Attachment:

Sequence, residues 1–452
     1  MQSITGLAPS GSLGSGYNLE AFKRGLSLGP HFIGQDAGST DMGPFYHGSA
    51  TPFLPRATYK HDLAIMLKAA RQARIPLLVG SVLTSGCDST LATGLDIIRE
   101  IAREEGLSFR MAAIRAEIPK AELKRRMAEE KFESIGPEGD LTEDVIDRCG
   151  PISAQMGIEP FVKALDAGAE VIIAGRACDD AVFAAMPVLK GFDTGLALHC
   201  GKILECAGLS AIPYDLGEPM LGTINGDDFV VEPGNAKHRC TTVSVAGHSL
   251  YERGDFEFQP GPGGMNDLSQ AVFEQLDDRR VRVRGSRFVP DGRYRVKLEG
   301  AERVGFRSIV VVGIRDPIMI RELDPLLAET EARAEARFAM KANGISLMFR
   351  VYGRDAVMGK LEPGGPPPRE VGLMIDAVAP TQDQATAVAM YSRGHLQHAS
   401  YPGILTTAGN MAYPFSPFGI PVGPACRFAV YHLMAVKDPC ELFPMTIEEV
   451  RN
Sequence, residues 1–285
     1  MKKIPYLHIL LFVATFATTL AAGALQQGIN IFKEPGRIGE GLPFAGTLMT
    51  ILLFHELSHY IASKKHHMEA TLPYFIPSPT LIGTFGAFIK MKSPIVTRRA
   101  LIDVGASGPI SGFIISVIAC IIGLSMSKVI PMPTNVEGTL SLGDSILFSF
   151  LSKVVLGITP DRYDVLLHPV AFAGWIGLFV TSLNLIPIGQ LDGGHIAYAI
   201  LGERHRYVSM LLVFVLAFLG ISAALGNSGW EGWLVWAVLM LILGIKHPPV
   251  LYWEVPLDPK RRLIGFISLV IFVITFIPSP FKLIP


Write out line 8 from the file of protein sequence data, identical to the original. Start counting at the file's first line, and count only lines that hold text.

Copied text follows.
   301  AERVGFRSIV VVGIRDPIMI RELDPLLAET EARAEARFAM KANGISLMFR